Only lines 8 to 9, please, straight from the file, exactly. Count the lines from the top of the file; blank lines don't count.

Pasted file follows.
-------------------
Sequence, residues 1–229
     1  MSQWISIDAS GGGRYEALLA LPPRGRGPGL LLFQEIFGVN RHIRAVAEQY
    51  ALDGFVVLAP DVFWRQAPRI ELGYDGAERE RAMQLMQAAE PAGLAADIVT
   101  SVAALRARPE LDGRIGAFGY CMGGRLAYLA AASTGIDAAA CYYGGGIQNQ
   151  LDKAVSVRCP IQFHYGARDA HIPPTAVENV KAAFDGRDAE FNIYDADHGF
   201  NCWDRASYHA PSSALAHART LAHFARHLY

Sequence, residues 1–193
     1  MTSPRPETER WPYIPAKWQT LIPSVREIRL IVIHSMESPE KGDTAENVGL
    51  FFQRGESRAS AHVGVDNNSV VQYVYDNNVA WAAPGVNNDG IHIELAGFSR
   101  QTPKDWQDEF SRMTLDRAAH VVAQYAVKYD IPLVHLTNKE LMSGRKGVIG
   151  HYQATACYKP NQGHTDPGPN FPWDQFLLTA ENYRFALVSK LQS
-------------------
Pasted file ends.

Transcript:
     1  MTSPRPETER WPYIPAKWQT LIPSVREIRL IVIHSMESPE KGDTAENVGL
    51  FFQRGESRAS AHVGVDNNSV VQYVYDNNVA WAAPGVNNDG IHIELAGFSR